Cameras flashed in the crowd, back when Michael Jordan made a spectacular dunk. At NPE2012, the same thing happened when four Wittmann robots played basketball — dribbling, passing and shooting the ball through a basket, even hitting long, 3-point shots.
Crowds lingered in the aisle, cell-phone cameras at the ready, waiting patiently until one of the robots made a basket.
A three-man team from Wittmann Battenfeld Inc. spent a total of about 80 hours programming the four beam robots: Ken Pond, national field service manager; and robot field engineers Jeff Karagianes and Chris Werner.
The display was like a high school robot competition on steroids. Rock music blared while the robots made their moves. They rarely missed a basket.
Wittmann Battenfeld made special end-of-arm tooling to hold the balls. Pond said the crew laid out the wooden basketball court at company headquarters in Torrington, Conn. The team numbered all the boards, shipped them to Orlando and rebuilt them in the Orange County Convention Center's West Hall.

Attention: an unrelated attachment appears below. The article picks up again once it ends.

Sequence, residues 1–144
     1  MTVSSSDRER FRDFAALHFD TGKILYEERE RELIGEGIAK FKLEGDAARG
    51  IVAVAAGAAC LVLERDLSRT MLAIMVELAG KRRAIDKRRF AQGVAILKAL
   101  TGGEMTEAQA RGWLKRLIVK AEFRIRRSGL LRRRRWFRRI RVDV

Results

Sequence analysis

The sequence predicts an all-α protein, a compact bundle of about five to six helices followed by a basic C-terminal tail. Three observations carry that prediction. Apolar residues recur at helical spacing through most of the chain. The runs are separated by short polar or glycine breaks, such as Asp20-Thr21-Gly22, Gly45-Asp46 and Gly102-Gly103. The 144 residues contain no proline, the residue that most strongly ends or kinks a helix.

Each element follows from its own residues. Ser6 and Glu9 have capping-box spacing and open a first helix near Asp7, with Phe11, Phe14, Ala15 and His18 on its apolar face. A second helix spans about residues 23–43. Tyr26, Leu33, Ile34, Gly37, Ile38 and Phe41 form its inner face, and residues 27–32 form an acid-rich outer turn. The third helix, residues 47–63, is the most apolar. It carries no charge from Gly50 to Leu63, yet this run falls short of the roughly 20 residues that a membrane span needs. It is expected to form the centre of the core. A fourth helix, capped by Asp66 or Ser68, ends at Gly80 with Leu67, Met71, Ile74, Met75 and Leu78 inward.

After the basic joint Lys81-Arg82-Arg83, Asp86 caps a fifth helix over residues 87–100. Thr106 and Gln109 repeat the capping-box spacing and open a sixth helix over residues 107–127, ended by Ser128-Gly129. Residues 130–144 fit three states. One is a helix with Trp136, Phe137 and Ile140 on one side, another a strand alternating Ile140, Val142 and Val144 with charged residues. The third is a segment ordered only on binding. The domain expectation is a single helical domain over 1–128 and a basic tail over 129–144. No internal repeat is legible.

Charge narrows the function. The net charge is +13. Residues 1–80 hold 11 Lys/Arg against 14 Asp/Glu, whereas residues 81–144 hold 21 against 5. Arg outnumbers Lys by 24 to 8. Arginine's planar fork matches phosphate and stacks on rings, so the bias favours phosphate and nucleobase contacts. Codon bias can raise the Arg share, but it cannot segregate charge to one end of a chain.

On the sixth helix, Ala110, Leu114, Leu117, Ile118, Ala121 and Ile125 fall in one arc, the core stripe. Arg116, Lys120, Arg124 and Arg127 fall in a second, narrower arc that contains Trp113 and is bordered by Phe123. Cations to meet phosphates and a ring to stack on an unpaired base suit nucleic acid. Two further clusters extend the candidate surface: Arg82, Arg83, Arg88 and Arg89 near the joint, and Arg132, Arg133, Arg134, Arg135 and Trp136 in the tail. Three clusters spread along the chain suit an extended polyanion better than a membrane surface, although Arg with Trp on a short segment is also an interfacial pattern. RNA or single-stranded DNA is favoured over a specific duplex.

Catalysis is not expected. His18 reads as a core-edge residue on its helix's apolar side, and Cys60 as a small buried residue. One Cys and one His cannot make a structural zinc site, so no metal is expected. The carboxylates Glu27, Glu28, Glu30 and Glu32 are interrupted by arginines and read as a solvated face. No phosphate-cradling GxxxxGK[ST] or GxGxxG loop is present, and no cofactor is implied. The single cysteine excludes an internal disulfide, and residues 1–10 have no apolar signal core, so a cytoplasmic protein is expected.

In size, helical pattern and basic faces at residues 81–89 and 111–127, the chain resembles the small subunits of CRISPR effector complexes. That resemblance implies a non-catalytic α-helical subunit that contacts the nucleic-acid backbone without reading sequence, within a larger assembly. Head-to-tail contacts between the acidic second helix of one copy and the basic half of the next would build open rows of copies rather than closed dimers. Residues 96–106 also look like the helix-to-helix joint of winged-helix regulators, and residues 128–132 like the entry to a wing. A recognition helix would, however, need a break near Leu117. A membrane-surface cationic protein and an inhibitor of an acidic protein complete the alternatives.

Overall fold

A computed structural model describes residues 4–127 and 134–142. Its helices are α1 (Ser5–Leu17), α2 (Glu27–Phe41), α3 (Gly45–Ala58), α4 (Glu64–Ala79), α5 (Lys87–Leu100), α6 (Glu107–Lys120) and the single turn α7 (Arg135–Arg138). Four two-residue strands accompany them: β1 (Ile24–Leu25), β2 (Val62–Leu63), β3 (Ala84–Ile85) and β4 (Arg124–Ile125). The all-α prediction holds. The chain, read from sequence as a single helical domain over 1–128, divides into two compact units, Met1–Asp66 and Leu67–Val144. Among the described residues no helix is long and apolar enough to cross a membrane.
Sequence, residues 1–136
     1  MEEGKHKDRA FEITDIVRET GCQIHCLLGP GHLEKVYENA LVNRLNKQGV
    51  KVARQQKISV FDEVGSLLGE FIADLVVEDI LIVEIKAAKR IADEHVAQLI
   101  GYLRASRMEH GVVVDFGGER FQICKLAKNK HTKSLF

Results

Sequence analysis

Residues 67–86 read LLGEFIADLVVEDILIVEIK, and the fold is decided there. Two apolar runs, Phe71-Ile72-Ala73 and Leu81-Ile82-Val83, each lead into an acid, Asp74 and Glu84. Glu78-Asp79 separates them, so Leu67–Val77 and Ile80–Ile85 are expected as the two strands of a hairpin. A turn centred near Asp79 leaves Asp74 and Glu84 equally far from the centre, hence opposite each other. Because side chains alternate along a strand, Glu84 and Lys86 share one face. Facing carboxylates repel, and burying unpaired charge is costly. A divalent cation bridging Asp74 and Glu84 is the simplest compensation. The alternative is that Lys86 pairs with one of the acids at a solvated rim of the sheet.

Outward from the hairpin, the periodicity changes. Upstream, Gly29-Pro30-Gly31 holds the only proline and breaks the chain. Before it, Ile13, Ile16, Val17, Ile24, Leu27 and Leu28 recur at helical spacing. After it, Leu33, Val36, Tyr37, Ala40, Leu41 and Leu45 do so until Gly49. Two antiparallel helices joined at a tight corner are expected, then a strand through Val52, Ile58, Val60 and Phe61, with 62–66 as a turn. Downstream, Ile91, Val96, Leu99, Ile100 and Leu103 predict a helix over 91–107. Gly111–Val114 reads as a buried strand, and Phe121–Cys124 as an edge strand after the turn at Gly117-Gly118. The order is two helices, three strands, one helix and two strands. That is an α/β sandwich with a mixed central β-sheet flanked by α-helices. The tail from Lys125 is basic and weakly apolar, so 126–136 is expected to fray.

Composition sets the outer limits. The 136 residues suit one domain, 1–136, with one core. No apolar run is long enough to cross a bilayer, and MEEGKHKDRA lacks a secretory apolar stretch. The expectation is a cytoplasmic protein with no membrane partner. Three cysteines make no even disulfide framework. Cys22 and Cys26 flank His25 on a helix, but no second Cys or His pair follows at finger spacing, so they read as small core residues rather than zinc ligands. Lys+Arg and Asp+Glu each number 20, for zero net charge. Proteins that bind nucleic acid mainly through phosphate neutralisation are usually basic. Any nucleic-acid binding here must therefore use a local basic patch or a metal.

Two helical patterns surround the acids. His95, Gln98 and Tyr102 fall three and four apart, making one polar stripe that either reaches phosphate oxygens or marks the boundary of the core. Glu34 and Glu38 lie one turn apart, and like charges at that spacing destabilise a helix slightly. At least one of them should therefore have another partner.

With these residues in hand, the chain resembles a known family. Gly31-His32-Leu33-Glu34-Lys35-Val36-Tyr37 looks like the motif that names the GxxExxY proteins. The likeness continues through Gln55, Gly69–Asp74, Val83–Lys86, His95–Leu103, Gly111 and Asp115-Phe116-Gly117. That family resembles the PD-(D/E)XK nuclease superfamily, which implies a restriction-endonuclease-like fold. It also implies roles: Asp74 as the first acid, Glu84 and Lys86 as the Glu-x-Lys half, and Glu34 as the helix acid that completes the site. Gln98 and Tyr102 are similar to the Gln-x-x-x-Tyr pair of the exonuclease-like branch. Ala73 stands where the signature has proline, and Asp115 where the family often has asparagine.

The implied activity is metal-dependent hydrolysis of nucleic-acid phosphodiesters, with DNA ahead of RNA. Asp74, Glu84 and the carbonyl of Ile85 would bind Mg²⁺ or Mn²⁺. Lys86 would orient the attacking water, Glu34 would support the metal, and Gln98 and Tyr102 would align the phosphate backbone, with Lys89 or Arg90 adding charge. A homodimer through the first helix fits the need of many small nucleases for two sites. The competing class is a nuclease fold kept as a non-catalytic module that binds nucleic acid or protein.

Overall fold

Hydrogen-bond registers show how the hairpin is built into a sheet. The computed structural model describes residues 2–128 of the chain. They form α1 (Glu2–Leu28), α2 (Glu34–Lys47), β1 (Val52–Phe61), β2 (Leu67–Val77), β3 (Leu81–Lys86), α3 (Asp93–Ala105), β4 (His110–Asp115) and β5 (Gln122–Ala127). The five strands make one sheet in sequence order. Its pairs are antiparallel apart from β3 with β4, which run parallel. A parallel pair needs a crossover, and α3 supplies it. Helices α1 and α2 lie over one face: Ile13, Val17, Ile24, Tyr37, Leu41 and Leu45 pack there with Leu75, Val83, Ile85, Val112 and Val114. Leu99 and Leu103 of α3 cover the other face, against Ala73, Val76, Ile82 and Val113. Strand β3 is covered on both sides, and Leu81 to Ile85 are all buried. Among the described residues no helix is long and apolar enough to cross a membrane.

You might not need a robot basketball team, but Matt McCabe, national key accounts manager, said the standard Wittmann robots, which are equipped with computer numerical controls, can handle plastic parts too.
“This is full, open-architecture CNC programming,” McCabe said.